• World

France’s Wine Terrorists

4 minute read
Bruce Crumley / Paris

Too much wine, it is known, can cause violent behavior. But few have gone as far as the grape growers of France’s Languedoc-Roussillon region, the world’s biggest wine-growing area by volume. Hurting from overproduction and cheap imports and punished lately by the rising cost of gas, a small group of local winegrowers has resorted to “wine terrorism” in a violent attempt to shock the French government into helping them.

On July 26, police arrested a vineyard farmer from the region for production and possession of illegal explosives. Apprehended in a hospital where he was being treated for injuries suffered when those explosives unexpectedly detonated, 34-year-old Jérôme Soulère confessed to police that he’d been responsible for the July 2006 bombing of a tax-collection office in a neighboring village. He also admitted, police say, to authoring the failed bombing last year of a site the Tour de France was set to pass the following day.

Those incidents are just two of many in a series of violent and destructive acts by local grape growers over the past three years that has targeted public and private buildings, supermarkets, tanker trucks hauling cheap imported wine, and businesses accused of gouging growers with ever shrinking prices. Claiming responsibility: a clandestine group known as the CRAV, or Regional Committe of Viticulture Action.

CRAV’s commando operations began with the 2005 bombing of a state agricultural building. CRAV members, or independent sympathizers, have since repeatedly carried out bombings and other acts of vandalism, including three acts of property destruction in a 10-day span in May. In mid-July, CRAV logos were discovered spray-painted at a Narbonne agriculture collective whose vandalized vats had drained nearly 132,000 gallons of wine to the ground — an estimated loss of around $450,000. Last year, it sent a video to newly elected President Nicolas Sarkozy demanding assistance to the region’s grape growers or else “blood will flow.”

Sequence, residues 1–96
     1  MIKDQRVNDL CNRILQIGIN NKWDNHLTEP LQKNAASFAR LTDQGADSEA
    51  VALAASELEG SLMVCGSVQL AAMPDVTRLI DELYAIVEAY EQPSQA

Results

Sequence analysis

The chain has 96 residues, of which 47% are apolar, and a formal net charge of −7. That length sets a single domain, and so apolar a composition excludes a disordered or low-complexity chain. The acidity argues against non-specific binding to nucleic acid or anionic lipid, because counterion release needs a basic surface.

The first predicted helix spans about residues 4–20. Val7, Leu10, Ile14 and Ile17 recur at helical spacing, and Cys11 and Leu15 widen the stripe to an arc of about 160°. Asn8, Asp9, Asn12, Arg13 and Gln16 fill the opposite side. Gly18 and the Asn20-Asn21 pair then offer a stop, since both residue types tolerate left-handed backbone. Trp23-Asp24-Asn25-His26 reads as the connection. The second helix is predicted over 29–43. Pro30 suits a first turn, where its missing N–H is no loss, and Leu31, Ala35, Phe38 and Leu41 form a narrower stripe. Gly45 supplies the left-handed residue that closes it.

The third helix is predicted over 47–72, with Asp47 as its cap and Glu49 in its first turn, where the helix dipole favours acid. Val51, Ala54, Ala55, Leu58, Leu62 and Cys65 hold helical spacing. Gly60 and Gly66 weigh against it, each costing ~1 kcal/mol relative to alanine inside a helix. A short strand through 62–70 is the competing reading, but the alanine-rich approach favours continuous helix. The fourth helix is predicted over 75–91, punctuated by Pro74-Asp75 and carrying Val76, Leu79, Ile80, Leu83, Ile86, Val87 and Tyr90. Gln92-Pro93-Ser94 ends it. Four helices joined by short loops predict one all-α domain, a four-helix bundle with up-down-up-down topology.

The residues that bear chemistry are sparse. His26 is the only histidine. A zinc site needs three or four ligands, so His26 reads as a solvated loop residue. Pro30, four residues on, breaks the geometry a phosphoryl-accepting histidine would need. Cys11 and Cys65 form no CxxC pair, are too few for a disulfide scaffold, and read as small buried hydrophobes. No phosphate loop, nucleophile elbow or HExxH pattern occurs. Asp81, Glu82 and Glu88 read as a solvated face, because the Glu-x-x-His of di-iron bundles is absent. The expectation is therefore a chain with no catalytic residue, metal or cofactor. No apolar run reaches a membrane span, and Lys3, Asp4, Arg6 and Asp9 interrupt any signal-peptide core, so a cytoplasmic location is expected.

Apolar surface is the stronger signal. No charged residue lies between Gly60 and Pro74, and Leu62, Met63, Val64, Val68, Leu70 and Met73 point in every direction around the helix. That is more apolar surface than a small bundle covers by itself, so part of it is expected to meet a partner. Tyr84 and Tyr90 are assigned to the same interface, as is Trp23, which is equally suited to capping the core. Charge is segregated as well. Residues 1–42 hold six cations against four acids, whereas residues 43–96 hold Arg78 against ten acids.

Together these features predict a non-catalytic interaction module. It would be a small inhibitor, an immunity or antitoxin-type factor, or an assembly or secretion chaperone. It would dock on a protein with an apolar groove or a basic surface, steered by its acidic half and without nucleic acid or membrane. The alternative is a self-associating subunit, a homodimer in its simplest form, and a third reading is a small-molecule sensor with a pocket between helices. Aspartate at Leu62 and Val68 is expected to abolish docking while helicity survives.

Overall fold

Quixotic as it may seem to outsiders, the group — and many Languedoc-Roussillon growers who support its aims while condemning the violence used to achieve them — want the French government to protect them from a rapidly globalizing market. Foreign wine from cheaper producers such as Italy, Spain, Australia, the U.S. and South America — where costs can be one-fifth those in France — has saturated the market and driven down demand for locally grown grapes. That has depressed the price Languedoc-Roussillon growers get for their crops up to 50% in recent years.

With revenues plummeting and production costs on the rise, owing in part to escalating gas prices, local farmers are demanding financial aid from Paris. But European Union rules limit how much help the French government can extend; Brussels has repeatedly urged growers to cut costs by letting nearly 500,000 acres of land lie fallow and by swapping plonk production for more expensive, higher-quality wine.

That doesn’t impress locals. “Many of these vineyard owners are committed to production and investment plans spanning 20 or 30 years,” says a member of the regional wine sector, who asked not to be named due to the “vivid tension” the situation has created. “These aren’t operations that can change strategy or cut production overnight.”

Jérôme Soulère’s lawyer, Jean-Marie Bourland, doesn’t justify his client’s avowed acts of destruction but sympathizes with his client’s predicament. “We’re in a country where, alas, our leaders don’t pay attention to well-behaved and listen to those who leave them no choice,” says Bourland. “Many of these people are agonizing and dying a slow death,” he says. “For some, I suppose, posing a bomb is their attempt to pose a question.”

More Must-Reads from TIME

Contact us at letters@time.com